All Apple products will be carbon neutral by 2030

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The company is ramping up efforts to reduce emissions through its supply chain and pushing to have more of its products recycled. Within a decade, every product that Apple makes will be carbon neutral. The company, which is already carbon neutral in its corporate operations, now plans to reach the same goal across its entire footprint, including its supply chain and the full life cycle of its products, which it says will have “zero climate impact.” Read Full Story

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How Sweetgreen plans to cut its carbon footprint in half in the next 6 years

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To get its emissions down, the salad chain had to do exhausting research on every supplier—and create new salads with ingredients that sequester more carbon. With a menu focused on plants, the salad chain Sweetgreen automatically has a lower carbon footprint than a typical fast-food chain serving millions of burgers. But the company now plans to go a step further, setting the goal of cutting its carbon footprint in half in the next six years. The rest of its emissions will be offset, making the company carbon neutral. Read Full Story

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Shining a light on companies that have achieved carbon-neutrality

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The nonprofit Climate Neutral is one of our World Changing Ideas honorees for 2020. A new label will soon start appearing on products you see in stores: “Climate Neutral Certified.” Climate Neutral, a nonprofit launched in 2019, helps brands measure their carbon footprints, offset them by investing in vetted pollution-capturing projects, and make long-term plans to reduce emissions. Once a company goes through the process, it can print the label on its packaging—a symbol the nonprofit hopes will become as ubiquitous as the USDA organic label. Because calculating a corporate carbon footprint can be a pricey, complex process for brands, Climate Neutral also created a new digital tool to make it simpler. “We wanted to democratize the process of carbon counting and demystify it,” says CEO Austin Whitman. “For many companies, just starting to understand where their carbon emissions come from is a huge step forward.” The group recruited more …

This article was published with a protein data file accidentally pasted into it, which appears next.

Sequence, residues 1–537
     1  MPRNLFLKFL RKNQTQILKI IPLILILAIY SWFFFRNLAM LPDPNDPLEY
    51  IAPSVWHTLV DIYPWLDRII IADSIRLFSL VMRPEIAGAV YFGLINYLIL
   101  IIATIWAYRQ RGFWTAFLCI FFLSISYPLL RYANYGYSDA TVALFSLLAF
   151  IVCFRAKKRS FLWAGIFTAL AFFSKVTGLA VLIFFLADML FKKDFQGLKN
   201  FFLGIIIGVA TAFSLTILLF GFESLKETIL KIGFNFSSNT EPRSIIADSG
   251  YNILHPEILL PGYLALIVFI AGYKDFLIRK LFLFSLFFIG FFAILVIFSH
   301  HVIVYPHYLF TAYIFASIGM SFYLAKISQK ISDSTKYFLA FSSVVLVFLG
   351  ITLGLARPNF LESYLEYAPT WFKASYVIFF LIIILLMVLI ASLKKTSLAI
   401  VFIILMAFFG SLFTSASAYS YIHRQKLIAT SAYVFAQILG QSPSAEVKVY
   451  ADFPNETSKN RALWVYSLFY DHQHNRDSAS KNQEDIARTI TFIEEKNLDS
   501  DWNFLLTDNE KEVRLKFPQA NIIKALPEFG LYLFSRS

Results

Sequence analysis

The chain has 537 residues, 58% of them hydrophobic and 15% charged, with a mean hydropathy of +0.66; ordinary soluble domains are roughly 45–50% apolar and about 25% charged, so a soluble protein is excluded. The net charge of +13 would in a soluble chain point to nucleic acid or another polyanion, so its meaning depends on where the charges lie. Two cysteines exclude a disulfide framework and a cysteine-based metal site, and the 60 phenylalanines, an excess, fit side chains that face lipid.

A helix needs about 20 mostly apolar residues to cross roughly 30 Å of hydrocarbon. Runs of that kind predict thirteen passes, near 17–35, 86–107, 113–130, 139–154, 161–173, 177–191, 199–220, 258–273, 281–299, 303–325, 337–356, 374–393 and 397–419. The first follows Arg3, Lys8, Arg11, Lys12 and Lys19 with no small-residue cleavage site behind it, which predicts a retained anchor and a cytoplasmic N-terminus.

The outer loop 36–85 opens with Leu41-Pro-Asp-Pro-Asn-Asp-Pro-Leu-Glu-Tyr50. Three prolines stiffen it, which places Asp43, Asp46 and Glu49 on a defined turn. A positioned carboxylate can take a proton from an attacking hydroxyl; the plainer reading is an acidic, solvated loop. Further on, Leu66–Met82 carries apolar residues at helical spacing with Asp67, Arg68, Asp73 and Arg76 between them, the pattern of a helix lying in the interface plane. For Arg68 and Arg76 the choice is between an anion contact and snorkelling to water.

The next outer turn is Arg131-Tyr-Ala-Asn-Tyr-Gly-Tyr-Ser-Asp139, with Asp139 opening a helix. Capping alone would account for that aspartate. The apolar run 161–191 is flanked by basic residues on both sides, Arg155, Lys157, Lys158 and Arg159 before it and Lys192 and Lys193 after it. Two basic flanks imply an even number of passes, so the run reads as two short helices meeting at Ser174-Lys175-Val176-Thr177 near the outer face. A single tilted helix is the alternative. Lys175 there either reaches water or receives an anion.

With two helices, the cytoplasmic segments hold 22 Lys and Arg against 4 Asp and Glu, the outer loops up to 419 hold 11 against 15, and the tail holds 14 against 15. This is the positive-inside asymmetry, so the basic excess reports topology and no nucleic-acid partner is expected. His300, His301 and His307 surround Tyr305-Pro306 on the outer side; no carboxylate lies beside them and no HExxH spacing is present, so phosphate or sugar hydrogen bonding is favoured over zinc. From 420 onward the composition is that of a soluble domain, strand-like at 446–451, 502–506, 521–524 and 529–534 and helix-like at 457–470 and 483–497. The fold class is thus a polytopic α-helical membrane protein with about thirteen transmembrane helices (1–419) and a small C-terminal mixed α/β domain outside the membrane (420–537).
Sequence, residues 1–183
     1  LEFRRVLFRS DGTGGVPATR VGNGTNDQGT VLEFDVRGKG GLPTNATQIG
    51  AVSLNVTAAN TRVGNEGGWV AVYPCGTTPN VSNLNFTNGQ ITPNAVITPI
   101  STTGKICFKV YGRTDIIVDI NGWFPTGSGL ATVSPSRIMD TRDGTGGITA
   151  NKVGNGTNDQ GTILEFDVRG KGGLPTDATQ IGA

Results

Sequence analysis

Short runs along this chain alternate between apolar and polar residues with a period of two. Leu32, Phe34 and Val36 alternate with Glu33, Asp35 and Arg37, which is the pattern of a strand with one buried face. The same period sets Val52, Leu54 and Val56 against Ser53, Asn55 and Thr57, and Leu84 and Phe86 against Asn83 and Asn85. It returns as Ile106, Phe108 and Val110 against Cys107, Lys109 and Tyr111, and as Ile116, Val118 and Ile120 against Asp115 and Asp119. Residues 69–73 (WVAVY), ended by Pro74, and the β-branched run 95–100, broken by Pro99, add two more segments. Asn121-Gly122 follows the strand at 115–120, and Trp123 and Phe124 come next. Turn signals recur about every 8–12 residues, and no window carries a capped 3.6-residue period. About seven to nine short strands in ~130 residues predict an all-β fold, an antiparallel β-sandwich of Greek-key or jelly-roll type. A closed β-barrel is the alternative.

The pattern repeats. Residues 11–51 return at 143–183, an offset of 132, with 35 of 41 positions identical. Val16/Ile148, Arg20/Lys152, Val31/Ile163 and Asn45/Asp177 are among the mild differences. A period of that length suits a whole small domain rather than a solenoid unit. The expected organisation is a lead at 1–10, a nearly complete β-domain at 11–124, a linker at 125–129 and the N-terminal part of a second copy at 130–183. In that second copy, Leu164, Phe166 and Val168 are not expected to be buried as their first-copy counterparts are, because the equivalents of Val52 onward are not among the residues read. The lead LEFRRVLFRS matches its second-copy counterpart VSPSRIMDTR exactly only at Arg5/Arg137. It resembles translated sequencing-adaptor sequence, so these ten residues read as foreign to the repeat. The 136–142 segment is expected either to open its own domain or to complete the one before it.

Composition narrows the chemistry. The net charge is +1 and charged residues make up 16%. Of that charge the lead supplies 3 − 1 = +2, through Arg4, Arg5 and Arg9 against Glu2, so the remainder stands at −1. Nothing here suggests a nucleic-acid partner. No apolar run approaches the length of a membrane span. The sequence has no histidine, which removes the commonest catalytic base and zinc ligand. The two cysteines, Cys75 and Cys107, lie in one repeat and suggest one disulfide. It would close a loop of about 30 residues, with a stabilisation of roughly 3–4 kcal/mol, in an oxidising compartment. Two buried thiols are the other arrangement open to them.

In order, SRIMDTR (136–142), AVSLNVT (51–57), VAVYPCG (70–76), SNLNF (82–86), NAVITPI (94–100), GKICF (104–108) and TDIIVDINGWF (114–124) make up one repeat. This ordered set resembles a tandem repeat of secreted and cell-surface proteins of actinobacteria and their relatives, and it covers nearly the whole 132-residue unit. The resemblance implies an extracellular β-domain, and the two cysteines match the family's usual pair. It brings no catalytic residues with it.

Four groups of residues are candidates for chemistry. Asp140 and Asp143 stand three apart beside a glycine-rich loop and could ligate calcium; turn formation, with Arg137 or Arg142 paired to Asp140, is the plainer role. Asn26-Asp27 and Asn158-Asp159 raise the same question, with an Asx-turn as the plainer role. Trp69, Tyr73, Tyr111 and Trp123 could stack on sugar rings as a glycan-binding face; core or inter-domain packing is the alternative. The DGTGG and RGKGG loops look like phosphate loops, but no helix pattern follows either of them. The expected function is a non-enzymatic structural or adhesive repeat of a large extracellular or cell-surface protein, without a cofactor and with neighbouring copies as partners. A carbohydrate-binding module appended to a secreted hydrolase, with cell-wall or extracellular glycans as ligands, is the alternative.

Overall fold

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How Starbucks plans to make its coffee carbon neutral

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From smarter farming to new varieties, the coffee giant is working on a variety of strategies to end emissions on the farms that produce its beans. If you buy an espresso at Starbucks—brewed in a machine running on renewable electricity—most of the carbon footprint of the drink comes from how the coffee was grown. But by the end of the decade, the company plans to reach its goal of making even the production of its raw coffee beans carbon neutral. Read Full Story

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PepsiCo is scaling up regenerative agriculture on 7 million acres of land

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The push will bring new techniques to sequester carbon to nearly all of the company’s agricultural footprint. In a year, PepsiCo buys around 4 billion pounds of potatoes to make potato chips. It’s one piece of the massive web of farms that supply the company, which the company wants to use to help make an equally massive change: By the end of the decade, it now plans to work with the tens of thousands of farmers in its supply chain to spread regenerative agriculture—practices that can help improve sustainability—across 7 million acres, or roughly its entire agricultural footprint. It estimates that the changes will eliminate at least 3 million tons of greenhouse gas emissions. Read Full Story